Yolanda King, the former Orleans Parish Juvenile Court judge convicted last year of lying in election papers about where she lived, avoided prison time Thursday and was sentenced to two years of inactive probation.
King, who was found guilty in November of filing false public records and violating the state election code, also was ordered to perform community service and pay court costs on top of a $1,000 fine.
Ad hoc Judge Michael Kirby, presiding over the case after all the Orleans Parish Criminal District Court judges recused themselves, lectured King about the “incalculable harm” she has caused to a legal profession already held in diminished regard by the public.
He added, however, that he could see “no good purpose” in sending King to prison, noting she already has been humiliated and may yet lose her law license.
“Under no circumstances should you conclude that because I’ve opted against imprisonment that I make light of the seriousness of your offenses,” Kirby said during a hearing. He said King had shown the “ultimate disrespect, if not contempt, for the law.”
Outside the courtroom, King’s defense attorney, Clarence Roby Jr., called the sentence “fair and balanced” but said his client had not ruled out an appeal.
“No one has any idea of how difficult this whole process has been” for her, Roby said, “especially someone who worked so hard to finally attain a position, only to have it taken from her after being accused of something for which she has always maintained her innocence.”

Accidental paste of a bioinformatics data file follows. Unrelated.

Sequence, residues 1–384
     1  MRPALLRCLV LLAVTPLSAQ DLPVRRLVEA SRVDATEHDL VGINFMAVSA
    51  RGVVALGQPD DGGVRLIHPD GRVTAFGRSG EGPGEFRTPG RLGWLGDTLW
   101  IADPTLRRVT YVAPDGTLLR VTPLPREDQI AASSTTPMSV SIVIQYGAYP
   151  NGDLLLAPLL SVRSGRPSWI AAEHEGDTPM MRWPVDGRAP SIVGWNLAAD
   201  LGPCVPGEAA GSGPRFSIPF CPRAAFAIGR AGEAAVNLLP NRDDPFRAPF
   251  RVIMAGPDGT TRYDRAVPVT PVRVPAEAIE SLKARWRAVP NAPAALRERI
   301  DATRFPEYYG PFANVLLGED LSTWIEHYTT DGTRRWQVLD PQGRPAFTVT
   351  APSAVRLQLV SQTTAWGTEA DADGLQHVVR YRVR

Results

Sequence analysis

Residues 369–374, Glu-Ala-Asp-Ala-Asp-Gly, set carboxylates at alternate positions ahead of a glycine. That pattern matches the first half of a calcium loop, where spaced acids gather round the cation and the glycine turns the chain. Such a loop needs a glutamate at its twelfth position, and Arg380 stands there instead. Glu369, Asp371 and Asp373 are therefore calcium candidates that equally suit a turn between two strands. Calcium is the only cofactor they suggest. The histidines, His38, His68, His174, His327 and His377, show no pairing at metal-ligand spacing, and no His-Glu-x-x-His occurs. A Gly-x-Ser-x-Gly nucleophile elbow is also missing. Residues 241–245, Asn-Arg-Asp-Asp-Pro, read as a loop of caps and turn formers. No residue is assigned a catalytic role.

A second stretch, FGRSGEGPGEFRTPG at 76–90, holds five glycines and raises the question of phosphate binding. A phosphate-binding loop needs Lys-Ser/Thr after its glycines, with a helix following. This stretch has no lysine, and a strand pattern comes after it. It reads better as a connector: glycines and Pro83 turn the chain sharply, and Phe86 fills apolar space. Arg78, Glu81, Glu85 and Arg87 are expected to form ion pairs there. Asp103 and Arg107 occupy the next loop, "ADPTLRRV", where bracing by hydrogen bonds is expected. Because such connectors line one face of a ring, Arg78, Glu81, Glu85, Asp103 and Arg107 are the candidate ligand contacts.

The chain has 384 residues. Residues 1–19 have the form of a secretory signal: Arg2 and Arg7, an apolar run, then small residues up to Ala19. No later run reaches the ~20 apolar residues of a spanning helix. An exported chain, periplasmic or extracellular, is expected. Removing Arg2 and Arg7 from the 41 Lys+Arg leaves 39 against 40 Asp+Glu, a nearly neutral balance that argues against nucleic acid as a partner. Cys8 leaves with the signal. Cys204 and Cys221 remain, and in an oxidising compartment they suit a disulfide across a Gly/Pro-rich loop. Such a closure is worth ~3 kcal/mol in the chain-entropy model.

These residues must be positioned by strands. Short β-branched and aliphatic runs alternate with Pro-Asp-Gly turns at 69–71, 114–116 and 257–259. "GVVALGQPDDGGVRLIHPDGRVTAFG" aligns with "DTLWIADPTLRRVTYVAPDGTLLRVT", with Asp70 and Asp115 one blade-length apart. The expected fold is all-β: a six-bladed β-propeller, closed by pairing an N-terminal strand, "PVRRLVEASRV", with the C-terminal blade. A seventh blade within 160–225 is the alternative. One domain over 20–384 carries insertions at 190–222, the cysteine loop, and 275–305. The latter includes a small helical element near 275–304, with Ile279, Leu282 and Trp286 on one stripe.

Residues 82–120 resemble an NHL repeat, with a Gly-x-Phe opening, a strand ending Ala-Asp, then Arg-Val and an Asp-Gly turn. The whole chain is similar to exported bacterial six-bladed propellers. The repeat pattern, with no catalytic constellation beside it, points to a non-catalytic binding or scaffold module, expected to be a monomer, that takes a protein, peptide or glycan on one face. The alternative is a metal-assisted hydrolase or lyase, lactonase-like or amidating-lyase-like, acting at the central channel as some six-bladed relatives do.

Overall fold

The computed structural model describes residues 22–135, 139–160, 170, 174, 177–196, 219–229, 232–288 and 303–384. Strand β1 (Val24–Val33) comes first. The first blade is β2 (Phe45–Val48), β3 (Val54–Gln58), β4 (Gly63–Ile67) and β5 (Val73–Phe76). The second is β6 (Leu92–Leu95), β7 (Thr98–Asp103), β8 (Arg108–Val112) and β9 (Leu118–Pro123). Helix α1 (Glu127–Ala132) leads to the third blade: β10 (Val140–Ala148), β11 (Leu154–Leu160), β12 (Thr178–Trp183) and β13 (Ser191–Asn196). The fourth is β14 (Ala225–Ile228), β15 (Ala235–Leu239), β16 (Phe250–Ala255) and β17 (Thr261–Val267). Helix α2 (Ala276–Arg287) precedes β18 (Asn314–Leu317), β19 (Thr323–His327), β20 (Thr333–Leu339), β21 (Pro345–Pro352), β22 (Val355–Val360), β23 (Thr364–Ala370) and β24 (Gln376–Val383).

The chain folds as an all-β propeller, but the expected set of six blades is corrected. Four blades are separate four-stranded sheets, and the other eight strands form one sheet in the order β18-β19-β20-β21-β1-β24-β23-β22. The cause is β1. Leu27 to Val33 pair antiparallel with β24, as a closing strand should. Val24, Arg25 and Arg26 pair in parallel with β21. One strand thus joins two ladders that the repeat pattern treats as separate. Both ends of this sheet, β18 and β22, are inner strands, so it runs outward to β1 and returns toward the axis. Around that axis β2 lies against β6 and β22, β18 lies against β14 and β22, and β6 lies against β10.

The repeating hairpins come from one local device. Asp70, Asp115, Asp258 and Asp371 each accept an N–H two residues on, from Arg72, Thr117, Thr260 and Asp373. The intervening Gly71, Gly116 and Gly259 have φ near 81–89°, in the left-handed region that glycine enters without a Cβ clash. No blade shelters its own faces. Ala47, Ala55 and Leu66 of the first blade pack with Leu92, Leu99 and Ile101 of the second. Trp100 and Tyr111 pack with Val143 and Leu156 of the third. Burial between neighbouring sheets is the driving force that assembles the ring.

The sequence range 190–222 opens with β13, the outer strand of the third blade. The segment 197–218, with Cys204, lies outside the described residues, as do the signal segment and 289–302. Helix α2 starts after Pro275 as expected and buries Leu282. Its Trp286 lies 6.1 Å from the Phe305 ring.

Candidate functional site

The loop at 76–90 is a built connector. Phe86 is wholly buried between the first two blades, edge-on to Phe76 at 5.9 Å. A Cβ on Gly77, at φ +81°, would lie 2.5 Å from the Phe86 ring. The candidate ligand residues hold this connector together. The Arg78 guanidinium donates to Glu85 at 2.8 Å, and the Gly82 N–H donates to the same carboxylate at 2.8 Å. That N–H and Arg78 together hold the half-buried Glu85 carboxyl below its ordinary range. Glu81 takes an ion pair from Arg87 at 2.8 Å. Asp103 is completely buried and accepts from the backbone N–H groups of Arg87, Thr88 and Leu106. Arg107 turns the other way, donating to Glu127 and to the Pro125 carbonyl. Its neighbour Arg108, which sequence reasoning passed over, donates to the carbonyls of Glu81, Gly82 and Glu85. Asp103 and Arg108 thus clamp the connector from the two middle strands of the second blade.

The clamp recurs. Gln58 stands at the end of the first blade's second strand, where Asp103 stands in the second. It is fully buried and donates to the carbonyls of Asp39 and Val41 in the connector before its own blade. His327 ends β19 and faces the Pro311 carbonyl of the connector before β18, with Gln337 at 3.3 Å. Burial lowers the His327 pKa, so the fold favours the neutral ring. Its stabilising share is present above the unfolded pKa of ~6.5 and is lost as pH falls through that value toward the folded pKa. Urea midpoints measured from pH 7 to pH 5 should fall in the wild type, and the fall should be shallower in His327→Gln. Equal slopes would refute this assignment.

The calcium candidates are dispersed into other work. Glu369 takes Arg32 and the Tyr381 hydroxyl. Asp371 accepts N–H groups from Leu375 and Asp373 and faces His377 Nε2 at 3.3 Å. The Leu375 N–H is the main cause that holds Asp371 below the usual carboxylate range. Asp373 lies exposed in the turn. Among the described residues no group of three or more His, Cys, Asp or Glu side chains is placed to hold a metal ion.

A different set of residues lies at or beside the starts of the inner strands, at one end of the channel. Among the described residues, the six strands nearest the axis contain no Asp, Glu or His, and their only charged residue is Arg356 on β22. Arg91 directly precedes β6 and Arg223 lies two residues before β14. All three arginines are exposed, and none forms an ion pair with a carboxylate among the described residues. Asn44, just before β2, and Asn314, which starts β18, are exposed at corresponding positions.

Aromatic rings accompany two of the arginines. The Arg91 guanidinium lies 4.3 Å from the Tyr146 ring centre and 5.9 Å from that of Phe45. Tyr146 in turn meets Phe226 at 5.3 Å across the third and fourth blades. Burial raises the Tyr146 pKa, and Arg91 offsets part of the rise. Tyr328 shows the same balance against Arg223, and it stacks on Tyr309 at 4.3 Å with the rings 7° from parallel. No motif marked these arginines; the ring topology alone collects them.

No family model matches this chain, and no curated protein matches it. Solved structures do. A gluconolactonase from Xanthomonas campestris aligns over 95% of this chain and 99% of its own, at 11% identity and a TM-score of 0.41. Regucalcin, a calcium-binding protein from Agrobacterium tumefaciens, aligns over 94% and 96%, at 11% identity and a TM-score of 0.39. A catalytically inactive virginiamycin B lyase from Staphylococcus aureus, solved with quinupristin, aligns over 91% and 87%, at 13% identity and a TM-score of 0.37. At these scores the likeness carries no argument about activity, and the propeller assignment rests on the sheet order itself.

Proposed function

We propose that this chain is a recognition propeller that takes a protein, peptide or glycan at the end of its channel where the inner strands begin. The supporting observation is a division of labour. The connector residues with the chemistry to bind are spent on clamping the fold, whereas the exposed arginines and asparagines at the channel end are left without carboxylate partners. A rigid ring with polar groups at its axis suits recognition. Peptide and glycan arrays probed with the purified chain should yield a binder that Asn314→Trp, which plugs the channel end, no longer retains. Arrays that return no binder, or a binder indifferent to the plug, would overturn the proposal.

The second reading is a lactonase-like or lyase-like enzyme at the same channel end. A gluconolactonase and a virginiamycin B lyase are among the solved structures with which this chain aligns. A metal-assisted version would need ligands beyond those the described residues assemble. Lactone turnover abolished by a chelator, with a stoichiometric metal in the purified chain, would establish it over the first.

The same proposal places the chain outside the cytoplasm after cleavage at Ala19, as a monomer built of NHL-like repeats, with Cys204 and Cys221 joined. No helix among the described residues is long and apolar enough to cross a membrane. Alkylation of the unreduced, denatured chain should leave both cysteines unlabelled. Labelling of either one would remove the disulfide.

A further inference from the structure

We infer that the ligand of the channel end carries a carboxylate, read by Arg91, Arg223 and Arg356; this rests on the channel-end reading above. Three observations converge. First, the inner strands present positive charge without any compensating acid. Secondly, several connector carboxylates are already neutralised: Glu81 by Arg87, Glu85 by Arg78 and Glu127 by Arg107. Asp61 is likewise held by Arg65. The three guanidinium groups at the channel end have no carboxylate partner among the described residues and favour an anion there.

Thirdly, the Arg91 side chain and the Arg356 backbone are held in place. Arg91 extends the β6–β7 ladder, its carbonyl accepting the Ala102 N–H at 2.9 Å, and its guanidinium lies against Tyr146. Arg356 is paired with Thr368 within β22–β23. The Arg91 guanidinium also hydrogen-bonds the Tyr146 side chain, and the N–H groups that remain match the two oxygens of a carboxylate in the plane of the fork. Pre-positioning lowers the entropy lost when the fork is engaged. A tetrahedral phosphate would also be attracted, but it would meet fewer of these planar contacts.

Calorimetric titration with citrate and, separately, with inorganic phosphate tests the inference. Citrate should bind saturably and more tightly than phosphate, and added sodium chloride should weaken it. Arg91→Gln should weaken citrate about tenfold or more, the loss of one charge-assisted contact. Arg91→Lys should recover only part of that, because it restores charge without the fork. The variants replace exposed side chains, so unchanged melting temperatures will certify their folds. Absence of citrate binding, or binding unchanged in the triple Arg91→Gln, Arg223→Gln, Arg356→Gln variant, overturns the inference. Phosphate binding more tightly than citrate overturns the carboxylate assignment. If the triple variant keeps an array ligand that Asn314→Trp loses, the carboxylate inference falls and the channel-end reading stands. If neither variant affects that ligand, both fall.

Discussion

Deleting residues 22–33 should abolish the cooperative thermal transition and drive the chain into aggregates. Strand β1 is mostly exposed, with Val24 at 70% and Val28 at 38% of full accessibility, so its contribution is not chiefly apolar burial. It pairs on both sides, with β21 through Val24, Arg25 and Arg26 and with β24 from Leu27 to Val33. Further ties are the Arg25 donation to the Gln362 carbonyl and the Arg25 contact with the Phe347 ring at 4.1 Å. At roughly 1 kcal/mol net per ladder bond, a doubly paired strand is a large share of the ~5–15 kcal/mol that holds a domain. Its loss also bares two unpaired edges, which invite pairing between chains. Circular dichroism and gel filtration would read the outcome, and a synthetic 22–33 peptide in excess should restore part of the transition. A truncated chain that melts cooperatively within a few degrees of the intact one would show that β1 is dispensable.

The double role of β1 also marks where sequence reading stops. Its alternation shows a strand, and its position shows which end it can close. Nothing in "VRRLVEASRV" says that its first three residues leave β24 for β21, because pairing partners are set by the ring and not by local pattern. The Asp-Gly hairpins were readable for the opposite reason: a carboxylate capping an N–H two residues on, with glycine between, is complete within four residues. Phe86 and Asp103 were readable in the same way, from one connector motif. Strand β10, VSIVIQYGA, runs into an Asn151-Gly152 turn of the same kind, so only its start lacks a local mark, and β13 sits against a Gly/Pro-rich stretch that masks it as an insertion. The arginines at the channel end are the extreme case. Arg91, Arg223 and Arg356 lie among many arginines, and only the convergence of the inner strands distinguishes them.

After losing several previous runs for judgeships, King won election to the Juvenile Court bench in a 2013 runoff, upsetting Doug Hammel, a former Jefferson Parish prosecutor who had been considered the front-runner. But she was indicted the following year on a charge of living in Slidell despite listing a New Orleans domicile in her qualifying papers.
King for years claimed a homestead exemption at a St. Tammany Parish residence, which she bought in 2006, and she identified that property as her home in a bankruptcy filing less than three months before she listed a New Orleans domicile in a February 2013 candidate statement.
State law requires Juvenile Court judges to “have resided in the Parish of Orleans for at least two years immediately preceding their election.”
The Louisiana Supreme Court suspended King from the bench after her indictment. She lost the seat last year in an election won by Desiree Cook-Calvin.
King, who said Thursday that her legal career had been “unblemished” before her indictment, has long claimed her prosecution was politically motivated. She said an operative of Orleans Parish District Attorney Leon Cannizzaro threatened her with ruin if she did not drop out of the runoff against Hammel, whom Cannizzaro supported.
“It wasn’t about whether or not she’s domiciled in Orleans Parish,” Roby told the jury that convicted King. “This woman was threatened by people telling her they’re going to destroy her life, and voila.”
Cannizzaro, whose office declined to prosecute King, denied Roby’s allegations and accused the defense attorney of making “downright dishonest attacks.”
The charges against King were brought by the state Attorney General’s Office.
King continued to maintain her innocence at Thursday’s sentencing hearing, even as she asked Kirby for leniency.
She told the judge she has been living in Georgia since the death of her sister in November and is relying on friends and family for sustenance. A requirement of her probation is that she find a job.
“I am innocent,” King said, “and I will continue to fight this wrongful conviction.”
Follow Jim Mustian on Twitter, @JimMustian.